Decaffeination techniques which avoid the use of a solvent such as the resin technique of U.S. Pat. No. 3,108,876 to Turken et al. and the microbiological technique of U.S. Pat. No. 3,749,584 to Kurtzman et al. are known to the art but have not yet been developed commercially. The use of membrane technology such as in dialysis, ultrafiltration and reverse osmosis has not proven to be successful since presently available membranes are not capable of removing virtually all the caffeine from the aqueous extracts without also removing large amounts of non-caffeine coffee solids. The use of membrane solvent extraction techniques, such as described in U.S. Pat. No. 3,956,112 to Lee et al., would not prove practical for the commercial decaffeination of coffee or tea extracts since the swollen, non-porous membranes used in this process will not permit sufficiently high rates of caffeine diffusion from the extract to the solvent, such that virtually all the caffeine is removed from the extract in a reasonable time period.
The present invention is directed to a process for decaffeinating aqueous vegetable extracts such as the aqueous extracts of either green or roasted coffee or tea. The process of this invention makes use of a water-immiscible caffeine-selective solvent to transfer caffeine from the coffee or tea extract to a water phase from which the caffeine is ultimately removed. Direct contact between the coffee or tea extract and the solvent is avoided by means of one or more porous hydrophilic membranes which serve to retain and/or hold the water-immiscible solvent away from both the aqueous extract phase and the water phase.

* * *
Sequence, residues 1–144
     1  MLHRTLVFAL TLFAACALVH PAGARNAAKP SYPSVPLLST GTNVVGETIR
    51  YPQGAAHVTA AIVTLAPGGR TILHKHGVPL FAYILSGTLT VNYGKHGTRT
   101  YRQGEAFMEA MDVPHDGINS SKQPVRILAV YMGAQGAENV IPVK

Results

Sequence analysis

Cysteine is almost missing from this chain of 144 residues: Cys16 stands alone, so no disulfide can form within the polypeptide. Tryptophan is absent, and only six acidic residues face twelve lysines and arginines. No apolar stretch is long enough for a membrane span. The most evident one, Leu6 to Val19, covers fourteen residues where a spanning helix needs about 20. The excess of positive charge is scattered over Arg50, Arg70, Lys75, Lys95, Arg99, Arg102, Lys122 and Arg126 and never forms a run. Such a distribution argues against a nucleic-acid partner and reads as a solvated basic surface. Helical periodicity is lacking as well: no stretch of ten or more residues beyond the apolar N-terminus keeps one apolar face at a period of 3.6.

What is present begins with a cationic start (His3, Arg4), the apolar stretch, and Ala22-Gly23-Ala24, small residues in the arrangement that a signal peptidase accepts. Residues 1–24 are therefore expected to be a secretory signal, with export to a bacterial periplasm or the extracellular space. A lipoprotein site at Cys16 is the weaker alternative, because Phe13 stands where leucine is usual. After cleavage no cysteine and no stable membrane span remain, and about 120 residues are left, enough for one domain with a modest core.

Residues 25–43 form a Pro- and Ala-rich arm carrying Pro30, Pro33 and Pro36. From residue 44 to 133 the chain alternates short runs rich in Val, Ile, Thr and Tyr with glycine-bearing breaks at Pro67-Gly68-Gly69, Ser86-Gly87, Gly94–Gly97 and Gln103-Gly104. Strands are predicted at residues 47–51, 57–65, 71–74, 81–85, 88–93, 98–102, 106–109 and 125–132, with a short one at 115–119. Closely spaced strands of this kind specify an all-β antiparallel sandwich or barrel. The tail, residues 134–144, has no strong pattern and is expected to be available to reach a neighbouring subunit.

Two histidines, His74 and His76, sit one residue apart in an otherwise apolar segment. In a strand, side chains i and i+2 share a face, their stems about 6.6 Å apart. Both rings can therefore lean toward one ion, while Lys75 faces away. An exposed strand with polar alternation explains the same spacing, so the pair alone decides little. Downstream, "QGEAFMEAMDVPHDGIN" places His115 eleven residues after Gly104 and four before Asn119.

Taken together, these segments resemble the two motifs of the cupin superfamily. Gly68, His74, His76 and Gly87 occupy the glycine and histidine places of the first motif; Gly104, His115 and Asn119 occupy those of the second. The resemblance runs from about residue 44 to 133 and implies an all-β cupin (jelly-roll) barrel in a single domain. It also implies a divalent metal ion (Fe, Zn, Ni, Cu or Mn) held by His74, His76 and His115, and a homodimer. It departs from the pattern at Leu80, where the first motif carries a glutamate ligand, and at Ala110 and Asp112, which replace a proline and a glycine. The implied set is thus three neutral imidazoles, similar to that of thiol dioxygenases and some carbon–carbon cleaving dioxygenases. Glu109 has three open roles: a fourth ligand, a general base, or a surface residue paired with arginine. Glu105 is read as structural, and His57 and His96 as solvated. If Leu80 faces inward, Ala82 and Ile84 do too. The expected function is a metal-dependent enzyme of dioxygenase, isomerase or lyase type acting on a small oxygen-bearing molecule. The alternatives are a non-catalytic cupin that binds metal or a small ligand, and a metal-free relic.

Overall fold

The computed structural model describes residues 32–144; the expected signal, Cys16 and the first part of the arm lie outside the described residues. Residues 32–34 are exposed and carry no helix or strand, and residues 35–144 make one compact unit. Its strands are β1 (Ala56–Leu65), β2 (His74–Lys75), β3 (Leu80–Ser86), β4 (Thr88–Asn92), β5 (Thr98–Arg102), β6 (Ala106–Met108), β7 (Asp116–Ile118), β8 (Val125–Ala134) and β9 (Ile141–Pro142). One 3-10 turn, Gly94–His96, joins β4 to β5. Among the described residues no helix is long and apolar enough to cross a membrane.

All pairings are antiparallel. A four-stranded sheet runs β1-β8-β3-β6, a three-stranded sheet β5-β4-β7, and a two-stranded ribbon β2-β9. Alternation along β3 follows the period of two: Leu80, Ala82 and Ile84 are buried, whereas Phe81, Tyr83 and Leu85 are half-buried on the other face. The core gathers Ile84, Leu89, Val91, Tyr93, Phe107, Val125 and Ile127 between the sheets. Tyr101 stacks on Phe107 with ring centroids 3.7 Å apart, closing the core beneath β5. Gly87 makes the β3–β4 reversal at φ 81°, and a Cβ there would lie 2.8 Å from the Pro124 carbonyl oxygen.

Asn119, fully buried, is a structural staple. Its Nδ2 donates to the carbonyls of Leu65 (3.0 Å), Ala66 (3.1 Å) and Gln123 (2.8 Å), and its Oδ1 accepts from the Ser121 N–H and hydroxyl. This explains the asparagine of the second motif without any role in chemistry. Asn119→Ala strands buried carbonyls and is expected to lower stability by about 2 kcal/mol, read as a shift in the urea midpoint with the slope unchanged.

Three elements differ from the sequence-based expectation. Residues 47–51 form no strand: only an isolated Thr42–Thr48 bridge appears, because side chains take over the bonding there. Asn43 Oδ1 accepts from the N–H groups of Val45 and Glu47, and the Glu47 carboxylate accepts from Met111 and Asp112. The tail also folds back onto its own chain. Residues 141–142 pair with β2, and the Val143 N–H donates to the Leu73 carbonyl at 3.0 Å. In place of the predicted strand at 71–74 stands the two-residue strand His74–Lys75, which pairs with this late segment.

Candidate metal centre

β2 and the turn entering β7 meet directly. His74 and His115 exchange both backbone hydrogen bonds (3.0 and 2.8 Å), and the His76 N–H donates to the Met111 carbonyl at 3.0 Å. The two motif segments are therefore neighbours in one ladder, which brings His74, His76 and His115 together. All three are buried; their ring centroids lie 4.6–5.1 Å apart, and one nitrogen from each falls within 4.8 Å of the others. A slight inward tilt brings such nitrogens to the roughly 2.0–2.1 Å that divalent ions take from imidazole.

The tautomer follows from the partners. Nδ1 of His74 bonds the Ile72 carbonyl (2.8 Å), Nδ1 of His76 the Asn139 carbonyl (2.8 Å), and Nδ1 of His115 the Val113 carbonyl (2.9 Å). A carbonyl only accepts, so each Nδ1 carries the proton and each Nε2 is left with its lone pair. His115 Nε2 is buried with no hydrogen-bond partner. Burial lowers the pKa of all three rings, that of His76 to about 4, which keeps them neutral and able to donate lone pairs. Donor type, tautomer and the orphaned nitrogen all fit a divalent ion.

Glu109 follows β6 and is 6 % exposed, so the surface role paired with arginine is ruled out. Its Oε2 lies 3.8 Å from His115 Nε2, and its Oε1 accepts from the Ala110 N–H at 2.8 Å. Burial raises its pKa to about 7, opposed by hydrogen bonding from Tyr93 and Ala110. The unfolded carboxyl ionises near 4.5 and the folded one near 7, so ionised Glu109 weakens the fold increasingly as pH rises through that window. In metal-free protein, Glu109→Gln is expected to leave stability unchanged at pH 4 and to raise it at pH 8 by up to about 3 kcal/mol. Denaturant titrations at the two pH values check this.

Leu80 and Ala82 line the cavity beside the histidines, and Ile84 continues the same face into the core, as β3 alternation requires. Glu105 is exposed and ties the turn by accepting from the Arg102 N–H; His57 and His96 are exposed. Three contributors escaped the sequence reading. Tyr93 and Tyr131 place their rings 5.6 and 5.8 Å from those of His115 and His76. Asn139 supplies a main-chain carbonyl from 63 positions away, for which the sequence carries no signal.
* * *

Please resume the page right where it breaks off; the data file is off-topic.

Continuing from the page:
This invention contemplates the use of a single, porous membrane wherein the membrane is filled with the solvent and this filled membrane is used to separate the two aqueous phases. The use of hollow fiber membranes would be particularly useful in this embodiment. Alternatively, two porous membranes may be employed, one membrane for separating the aqueous coffee or tea extract from the solvent and a second membrane or membrane section for separating the solvent from the water phase.
As will be apparent to those skilled in the art, this invention could be practiced in either a batch or continuous mode of operation. For most commercial applications, it is anticipated that continuous countercurrent operation will be most desirable.
An aqueous coffee or tea extract typically having a soluble solids concentration of 10% to 35% by weight, most typically about 15% to 28% is passed or held on one side of a thin porous membrane which is either filled with or used to separate a liquid, water-immiscible solvent which is relatively specific for caffeine. A water phase, which may be either pure water or water containing molecules of sufficiently high molecular weight to be retained by the membrane, is passed or placed either on the opposite side of the solvent-filled membrane or on the opposite side of a second porous membrane used to separate the solvent from the water phase.